Updated Jan 25, 2022

Quarter of world’s population had record hot year in 2021

According to new data from leading US climate scientists, nearly a quarter of the world's population experienced a record hot year during 2021, as the climate crisis continues to exacerbate temperatures across the globe. 

A new annual analysis from NASA and the National Oceanic and Atmospheric Administration (NOAA) has found that last year was the sixth hottest ever recorded, with the global temperature 1.1C above the pre-industrial average. Bill Nelson, the Administrator of NASA, has said that eight out of the top ten hottest years have occurred in the past decade, and that "underscores the need for bold action to safeguard the future of our country – and all of humanity". NOAA and NASA undertake their own temperature analyses in slightly different ways, using data from weather stations, ships and ocean buoys.

Record high temperatures were felt in parts of Northern Africa, South Asia and South America last year, whilst the Arctic Sea ice continued it's decline and the oceans recorded another record year for heat content. A senior climate scientist at NOAA, Russell Vose stated that, "if it weren’t for the large heat storage capacity of the oceans, the atmosphere would’ve warmed a lot more rapidly."

The director of NASA's Goddard Institute for Space Studies, Gavin Schmidt, has said the changes in the Arctic (which is warming at about three times the global average) are "extremely dramatic", and will affect the rest of the world through rising sea-levels from melting glaciers (among other issues).

While 2021 did not top the heat record set in 2020 (a value that was only fractionally hotter than 2016), scientists have said that last year was yet another demonstration of the long-term global heating caused by human activities, such as burning fossil fuels and deforestation. Concentration of carbon dioxide in the atmosphere levels are now at heights not seen on Earth in the past 4 million years. "It’s clear that each of the past four decades has been warmer than the one preceding it," Vose commented. "It’s certainly warmer now than at any time in the past 2,000 years, and probably longer."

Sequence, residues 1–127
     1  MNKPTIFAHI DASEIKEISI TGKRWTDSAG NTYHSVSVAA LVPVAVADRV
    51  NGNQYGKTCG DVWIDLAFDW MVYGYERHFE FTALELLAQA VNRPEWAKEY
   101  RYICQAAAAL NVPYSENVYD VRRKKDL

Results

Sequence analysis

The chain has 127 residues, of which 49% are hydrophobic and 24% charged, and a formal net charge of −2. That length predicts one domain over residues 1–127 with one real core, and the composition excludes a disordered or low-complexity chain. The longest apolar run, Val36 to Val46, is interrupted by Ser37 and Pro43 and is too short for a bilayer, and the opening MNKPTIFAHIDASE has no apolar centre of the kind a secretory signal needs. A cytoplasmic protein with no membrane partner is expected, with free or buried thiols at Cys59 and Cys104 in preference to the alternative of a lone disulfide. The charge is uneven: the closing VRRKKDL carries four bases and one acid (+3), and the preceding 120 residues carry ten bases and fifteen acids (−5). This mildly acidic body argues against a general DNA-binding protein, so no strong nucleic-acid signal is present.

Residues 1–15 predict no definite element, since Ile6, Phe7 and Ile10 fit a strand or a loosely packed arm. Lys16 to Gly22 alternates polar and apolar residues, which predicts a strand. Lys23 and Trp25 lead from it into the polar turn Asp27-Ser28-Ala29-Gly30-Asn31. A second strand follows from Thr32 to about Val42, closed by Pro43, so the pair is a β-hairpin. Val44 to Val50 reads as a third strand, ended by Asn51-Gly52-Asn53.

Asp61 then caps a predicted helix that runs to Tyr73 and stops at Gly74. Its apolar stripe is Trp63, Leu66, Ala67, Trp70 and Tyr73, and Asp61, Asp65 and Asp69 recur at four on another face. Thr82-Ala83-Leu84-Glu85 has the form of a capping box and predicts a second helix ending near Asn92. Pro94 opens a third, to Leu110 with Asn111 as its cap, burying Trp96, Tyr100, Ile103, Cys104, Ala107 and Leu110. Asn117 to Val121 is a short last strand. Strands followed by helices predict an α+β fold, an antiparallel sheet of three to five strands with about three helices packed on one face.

Earlier in the week, the European climate agency, Copernicus, said that 2021 was the fifth hottest year on record, adding that the last seven years were the hottest ever documented - a slight edge was taken off last year's temperatures by a La Niña, a periodic climactic event that cools the waters of the Pacific Ocean.

Irrelevant of whether 2021 was the hottest individual year on record, it did contain a number of extraordinary signs of climate breakdown - July was the world's hottest month ever recorded, with Death Valley in California possibly recording the hottest ever temperature measured reliably during this month: 54.4C (130F).

According to a different analysis released by Berkley Earth, the total of people living in countries that experienced their hottest year on record is approaching a quarter of the world's population - 1.8 billion people. On top of this, a total of 25 countries (including China, Nigeria and Iran) recorded a record warm annual average in 2021. Robert Rohde, the Lead Scientist at Berkeley Earth, has said, "No one lives at the global average temperature. Most land areas will experience more warming than the global average, and countries must plan their responses to this."

A litany of disasters seen last year were also determined to be worsened by the world's excess heat. Floods devastated parts of Germany and China whilst the Pacific North-West of North America saw a deadly, unprecedented heat wave, something scientists have claimed would have been "virtually impossible" without climate change.

A Senior Climate Scientist at the Union of Concerned Scientists, Kristina Dahl, has said, "What terrifies me is that these facts and figures are no longer surprising or shocking. Rising temperatures are already triggering dire impacts worldwide, and will only worsen as the planet warms."

At the Paris climate accords, the world's Governments agreed to the limit the global temperature rise to 1.5C above pre-industrial times, in order to avoid disastrous climate change, but this threshold is now in view, with a 50% chance at least one year this decade will hit 1.5C. Vose said, the average temperature is to reach this level "sometime in the 2030s and certainly by the 2040s" if planet-heating emissions are not cut. He added that 2022 will probably be in the top 10 hottest years, with a small chance of it being the hottest on record "without something like a volcano erupting or a comet slamming into Earth."